When the colder, industrial-tinged thrum of the third installment's "Hamstrung at Heathrow Airport Horn Suite" arrives, however, things veer decisively into more unexpected and unusual territory and only get darker and more gnarled from there.As Dunn puts it, Stader's transformations examine "sadness and suffering in more brutal detail" and "take variants from the previous sessions to create new works."In more concrete terms, it is an unrepentantly challenging album that demands almost superhuman patience from listeners, as TCR III's four pieces are chilled, aggressively minimal, and glacial in pace, but they can also be quite beautiful in a bleak way.My favorite piece is "Complex Illumination on a Theme (variante automnale)," which my notes alternately describe as "grainy dreamlike billowing with a bit of sizzle," "slow-motion breaking waves," and "fluttering and flickering ghosts trapped inside a single frayed and dissolving drone." Other pieces call to mind a slowly burning incense stick, a shimmering fog rolling across a windswept prairie, or the slow/durational cinema of James Benning.Admittedly, it takes some time to adapt to the near-geologic time scale, but acquired tastes can offer deeper pleasures than lower hanging fruit and I would say that is true of TCR III: someone, somewhere will likely emerge from the album with a blown or at least permanently reconfigured mind.Dunn, of course, did not stop decide to stop with that dark horse contender for best album in the series though.Consequently, we also have the certain-to-be-polarizing TCR IV.

I personally still have no idea what to make of the series' massive final installment, as I certainly enjoy its grimy and lurid Italian inspirations, yet generally enjoying an aesthetic and wanting an overwhelming four-hour dose of said aesthetic are different things altogether.Then again, maybe they are not, as TCR IV features two or three pieces that unexpectedly transform into something quite good after 10, 20, or sometimes even 30 minutes of noisily droning near-statis.It almost feels like Brust decided to willfully alienate every last weak-willed or impatient listener before unveiling all the cool shit (an endearing move, if true).Do the extreme durations make the payoffs more satisfying?I honestly have no idea, but pieces like "In the Dead of Night Thru the Vast St. Mary" definitely get somewhere compelling if I am willing to stick around long enough.Beyond that, TRC IV will hold a lot of appeal for anyone craving the sounds of a KBD album being bulldozed by a harsh noise set.I cannot say I was craving that myself, yet there are plenty of rewarding moments that call to mind a contact mic’d biplane smashing into the ground in extreme slow motion, a dub remix of an earthquake, or someone tenaciously adjusting the tracking on a VCR in hopes that a more melodic piece will emerge.Regardless of how much I will ultimately warm to the unrecognizably ravaged mutations of the third and fourth installments, "The Cohesive Redundancies" is one hell of an admirable achievement.It is probably is not the series of albums that anyone knew they wanted, but that is how great art works: something novel smacks me in the face and I am then forced to reevaluate what I thought I knew and liked.This series may be an exhausting and prickly artistic statement, but it is also a wildly ambitious, bold, and mostly successful one as well.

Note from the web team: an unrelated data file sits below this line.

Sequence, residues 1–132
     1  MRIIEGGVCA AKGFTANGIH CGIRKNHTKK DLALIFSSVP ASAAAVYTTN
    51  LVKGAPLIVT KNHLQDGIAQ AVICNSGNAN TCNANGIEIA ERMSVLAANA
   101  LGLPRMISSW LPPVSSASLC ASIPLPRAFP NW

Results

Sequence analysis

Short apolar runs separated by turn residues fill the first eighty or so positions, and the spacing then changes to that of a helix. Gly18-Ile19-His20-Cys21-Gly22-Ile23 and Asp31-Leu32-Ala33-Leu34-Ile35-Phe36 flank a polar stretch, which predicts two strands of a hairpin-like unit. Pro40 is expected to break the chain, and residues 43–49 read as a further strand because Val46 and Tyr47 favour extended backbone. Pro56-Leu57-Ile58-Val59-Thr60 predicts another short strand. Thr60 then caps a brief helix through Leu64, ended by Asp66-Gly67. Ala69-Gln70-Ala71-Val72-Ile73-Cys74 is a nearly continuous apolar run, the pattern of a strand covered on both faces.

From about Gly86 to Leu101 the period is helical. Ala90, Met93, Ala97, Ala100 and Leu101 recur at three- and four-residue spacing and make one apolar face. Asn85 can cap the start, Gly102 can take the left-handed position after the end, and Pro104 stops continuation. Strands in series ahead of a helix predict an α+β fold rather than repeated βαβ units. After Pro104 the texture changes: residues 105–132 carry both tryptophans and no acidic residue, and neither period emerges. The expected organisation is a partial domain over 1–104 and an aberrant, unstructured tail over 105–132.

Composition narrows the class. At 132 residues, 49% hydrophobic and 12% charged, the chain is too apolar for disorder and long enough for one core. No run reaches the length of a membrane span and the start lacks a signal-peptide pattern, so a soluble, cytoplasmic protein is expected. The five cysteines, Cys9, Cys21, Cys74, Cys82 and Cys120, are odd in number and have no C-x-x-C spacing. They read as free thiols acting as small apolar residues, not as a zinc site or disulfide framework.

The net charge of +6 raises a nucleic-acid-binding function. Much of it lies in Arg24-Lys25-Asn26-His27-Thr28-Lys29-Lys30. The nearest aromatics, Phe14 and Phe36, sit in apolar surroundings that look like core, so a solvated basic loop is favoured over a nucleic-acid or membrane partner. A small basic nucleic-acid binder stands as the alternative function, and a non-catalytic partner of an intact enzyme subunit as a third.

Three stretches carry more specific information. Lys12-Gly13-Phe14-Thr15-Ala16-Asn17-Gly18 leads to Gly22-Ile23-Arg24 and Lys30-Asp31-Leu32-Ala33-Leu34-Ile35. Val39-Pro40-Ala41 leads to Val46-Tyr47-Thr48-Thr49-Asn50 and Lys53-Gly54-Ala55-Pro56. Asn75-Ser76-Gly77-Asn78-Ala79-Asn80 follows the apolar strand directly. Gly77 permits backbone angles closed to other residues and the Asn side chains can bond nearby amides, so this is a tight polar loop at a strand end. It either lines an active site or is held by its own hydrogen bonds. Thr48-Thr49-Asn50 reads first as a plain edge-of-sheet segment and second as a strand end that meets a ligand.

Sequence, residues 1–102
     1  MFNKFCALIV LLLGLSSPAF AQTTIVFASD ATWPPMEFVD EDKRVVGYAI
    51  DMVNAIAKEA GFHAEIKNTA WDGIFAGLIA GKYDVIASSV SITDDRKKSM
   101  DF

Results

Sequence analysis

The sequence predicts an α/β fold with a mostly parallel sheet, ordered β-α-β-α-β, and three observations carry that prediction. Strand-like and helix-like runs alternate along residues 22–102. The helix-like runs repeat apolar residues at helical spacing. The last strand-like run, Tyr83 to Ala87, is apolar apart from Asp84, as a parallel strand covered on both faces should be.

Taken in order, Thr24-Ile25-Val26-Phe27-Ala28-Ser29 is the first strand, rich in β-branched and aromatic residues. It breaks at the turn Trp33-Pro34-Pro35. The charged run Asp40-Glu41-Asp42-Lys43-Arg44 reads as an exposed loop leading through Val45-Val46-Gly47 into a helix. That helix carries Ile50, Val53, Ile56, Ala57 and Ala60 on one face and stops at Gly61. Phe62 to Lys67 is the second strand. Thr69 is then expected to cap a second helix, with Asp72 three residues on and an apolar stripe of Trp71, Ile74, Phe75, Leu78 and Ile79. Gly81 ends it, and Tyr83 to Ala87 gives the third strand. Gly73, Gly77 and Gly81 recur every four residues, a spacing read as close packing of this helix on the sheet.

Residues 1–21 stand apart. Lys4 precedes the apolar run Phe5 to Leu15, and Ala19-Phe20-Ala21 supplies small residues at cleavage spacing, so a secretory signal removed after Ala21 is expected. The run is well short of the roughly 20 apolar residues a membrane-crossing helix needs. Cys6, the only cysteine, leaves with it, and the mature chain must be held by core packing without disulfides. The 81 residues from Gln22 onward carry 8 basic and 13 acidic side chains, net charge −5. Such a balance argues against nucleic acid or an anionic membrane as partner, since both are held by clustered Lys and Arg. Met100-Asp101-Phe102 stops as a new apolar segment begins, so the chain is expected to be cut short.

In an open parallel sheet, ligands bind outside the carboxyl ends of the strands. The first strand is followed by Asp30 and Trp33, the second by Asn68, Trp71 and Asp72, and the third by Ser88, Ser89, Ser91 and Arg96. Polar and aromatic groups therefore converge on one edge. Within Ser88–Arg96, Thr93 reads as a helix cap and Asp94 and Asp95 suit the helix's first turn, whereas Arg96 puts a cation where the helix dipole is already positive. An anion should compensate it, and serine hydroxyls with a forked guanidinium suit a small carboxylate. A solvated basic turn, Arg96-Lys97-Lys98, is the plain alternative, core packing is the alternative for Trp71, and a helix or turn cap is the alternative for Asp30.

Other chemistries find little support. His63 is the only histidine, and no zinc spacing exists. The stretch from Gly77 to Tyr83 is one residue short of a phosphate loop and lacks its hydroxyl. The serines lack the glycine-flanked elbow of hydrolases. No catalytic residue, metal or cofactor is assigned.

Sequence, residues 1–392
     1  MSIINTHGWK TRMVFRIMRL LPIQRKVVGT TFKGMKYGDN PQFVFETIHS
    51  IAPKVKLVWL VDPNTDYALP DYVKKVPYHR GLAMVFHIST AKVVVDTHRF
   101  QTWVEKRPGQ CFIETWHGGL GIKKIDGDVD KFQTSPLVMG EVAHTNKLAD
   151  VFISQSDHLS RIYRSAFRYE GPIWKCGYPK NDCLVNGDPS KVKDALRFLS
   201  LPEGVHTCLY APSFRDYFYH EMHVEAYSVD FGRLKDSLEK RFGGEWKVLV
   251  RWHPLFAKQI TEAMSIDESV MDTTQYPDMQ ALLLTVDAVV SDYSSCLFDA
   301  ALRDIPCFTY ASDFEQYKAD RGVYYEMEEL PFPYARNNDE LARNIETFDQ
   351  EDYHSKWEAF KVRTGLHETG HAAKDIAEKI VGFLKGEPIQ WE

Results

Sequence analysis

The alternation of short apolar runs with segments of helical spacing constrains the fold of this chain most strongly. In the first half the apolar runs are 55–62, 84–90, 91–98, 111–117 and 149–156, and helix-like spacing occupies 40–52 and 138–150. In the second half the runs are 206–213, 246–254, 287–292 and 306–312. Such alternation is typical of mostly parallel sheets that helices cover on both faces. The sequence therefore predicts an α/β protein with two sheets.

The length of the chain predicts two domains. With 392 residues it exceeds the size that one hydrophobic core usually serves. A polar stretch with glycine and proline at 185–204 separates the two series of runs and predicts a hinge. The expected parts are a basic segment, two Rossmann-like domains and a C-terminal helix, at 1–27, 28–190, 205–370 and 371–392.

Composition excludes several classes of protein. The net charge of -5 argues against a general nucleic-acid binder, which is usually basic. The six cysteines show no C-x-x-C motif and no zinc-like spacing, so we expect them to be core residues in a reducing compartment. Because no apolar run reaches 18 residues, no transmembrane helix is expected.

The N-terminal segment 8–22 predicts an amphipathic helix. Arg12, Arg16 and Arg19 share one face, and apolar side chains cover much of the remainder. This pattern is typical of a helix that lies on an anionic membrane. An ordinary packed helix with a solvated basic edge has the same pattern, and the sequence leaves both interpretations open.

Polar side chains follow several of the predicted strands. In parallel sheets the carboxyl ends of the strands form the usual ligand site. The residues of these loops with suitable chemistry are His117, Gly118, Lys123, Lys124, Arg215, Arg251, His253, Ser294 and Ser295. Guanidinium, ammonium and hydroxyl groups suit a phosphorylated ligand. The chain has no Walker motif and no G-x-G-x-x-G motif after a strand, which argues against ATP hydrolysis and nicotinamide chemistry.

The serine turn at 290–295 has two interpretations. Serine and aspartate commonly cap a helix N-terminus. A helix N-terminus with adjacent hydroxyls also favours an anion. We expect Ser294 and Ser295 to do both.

Samples can be found here.